Something will need to be sacrificed

Learning how to program takes time and I wouldn’t claim it to be a “set it and forget it” skill. Top performers in the craft invest many hours to maintain and refine their skills. Something will need to be sacrificed if you want to get to that level. Would a great sculptor find any benefit in learning to code? Perhaps… who knows where one can find inspiration. But if that sculptor spends half of the usual sculpting time trying to learn to code, I wouldn’t bet on that sculptor seeing any improvements in what could have been called a primary craft. There are always things you ‘should’ learn, and coding could fall anywhere between the lines of algebra and woodshop class. But time is still finite, and the power to code may directly result in the loss or deterioration of another power.

Quality Control

There is such a thing as bad code. And pushing the notion that everyone should code, will lead to a lot more bad code, and bad code is bad. In a rush to get everyone to create code, we risk depreciating the beauty of it. Good code comes from experience, and the willingness to invest time to get that experience. Code is structured expressionism, acting as if it was dead, yet full of life. Code lives on through refactoring, or dies and gets regarded as ‘legacy’. Code is constantly torn up and put back together. Rather than lead the way for more orphaned and abandoned code, let’s push the notion that we want to see more quality code, from quality people who want to put in the quality time towards creating something.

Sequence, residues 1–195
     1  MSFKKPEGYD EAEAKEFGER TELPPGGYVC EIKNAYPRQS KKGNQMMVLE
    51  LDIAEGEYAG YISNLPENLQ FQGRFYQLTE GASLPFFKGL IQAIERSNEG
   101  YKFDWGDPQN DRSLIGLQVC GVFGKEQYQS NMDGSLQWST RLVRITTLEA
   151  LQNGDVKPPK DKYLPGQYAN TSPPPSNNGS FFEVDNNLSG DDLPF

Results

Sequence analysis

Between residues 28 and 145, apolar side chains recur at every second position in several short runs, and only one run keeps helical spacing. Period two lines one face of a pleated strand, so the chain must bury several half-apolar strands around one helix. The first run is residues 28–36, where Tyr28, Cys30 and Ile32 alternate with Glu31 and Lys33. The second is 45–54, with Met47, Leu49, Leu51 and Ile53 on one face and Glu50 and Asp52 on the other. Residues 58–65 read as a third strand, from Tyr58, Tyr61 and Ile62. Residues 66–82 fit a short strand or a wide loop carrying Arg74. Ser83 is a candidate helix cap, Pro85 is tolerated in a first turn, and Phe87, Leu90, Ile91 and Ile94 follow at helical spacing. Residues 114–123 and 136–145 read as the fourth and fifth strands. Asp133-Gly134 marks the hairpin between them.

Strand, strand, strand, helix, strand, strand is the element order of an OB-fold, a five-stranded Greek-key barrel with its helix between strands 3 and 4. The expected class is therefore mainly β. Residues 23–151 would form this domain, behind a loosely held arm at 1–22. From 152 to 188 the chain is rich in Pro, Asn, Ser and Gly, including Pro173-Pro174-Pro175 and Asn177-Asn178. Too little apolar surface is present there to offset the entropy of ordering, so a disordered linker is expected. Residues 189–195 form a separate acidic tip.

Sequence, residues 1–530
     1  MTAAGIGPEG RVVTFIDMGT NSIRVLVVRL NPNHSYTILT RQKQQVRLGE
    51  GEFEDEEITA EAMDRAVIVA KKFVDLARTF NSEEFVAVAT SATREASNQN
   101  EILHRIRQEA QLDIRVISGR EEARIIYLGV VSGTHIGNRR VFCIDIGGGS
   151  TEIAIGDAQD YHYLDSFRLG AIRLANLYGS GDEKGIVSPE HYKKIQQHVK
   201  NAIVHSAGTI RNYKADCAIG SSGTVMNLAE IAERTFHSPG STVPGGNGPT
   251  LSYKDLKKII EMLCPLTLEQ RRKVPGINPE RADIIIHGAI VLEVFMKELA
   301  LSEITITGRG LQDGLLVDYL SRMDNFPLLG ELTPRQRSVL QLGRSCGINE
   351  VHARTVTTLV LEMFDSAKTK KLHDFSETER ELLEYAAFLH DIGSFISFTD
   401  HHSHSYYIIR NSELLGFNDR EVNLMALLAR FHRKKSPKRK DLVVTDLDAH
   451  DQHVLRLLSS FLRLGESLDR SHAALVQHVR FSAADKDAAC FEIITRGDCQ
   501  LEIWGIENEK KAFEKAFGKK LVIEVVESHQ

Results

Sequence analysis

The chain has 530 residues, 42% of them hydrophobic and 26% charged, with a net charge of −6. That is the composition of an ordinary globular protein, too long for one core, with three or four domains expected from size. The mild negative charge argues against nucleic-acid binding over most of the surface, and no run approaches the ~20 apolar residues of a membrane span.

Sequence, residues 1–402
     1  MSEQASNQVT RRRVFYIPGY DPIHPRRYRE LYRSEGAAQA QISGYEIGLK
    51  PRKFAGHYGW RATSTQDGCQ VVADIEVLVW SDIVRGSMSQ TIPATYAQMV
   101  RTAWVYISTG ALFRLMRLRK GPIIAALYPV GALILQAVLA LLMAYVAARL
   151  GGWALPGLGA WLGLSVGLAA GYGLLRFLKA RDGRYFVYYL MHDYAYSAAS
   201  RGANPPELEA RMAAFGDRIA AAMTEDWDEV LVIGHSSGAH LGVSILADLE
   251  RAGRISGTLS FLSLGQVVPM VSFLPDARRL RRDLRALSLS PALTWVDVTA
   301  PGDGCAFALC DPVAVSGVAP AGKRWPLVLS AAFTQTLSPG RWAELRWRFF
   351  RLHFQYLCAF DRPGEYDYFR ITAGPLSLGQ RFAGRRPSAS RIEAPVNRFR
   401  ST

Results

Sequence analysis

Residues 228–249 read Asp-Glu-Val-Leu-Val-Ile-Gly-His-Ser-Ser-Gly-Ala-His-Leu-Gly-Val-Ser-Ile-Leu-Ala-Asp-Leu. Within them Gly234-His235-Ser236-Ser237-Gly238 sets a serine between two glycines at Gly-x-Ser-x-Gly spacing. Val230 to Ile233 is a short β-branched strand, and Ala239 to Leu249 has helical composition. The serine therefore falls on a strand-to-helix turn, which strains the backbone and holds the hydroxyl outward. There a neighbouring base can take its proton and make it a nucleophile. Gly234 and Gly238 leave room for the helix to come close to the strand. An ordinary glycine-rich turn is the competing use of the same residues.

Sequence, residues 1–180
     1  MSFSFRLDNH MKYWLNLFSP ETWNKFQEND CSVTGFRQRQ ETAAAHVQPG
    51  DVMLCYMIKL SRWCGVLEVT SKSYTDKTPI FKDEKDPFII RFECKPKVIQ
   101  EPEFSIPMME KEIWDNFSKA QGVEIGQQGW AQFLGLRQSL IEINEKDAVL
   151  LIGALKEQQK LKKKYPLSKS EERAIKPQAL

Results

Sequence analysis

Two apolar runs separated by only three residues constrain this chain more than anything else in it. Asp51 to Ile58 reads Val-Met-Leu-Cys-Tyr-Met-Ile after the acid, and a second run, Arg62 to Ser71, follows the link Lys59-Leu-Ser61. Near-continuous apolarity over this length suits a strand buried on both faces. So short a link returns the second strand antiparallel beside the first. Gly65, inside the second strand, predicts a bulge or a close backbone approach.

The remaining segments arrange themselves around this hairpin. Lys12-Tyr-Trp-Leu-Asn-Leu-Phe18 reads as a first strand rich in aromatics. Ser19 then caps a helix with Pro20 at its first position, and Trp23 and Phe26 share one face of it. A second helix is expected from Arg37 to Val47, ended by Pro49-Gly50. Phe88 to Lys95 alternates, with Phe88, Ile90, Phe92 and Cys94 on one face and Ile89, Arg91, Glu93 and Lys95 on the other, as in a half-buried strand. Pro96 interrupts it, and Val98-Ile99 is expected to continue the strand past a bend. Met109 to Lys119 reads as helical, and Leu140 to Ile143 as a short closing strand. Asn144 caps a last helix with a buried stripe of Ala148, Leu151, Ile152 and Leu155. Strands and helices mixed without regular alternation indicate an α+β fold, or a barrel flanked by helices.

But… we got to learn something

Discouraging learning is not fun. But there are many skills needed to descend further into the digital world. For some, it might be coding. And to get over the hump, there may be better ways to find your calling. Sometimes the best thing you can do is look at yourself and take notes of the questions you are asking…

Do you simply say “I need to code” or do you say “I need to build X”? Do a little bit of planning, then start building. You will gravitate towards what you think the best way of building X is. Plans, sketches, perhaps some code. There is a process for software development. Get a grasp of how software gets created and see where you fit in best.

Why can’t you use this framework or platform? So what if you used Squarespace or WordPress to create what you wanted to create. As long as you’re meeting people’s needs then it's fine. Sure platforms mean limitations, but if you know where the project is going and how to contain it, those limitations shouldn’t matter much. And in some instances, you can rely on such platforms and still find ways to mess around with some code.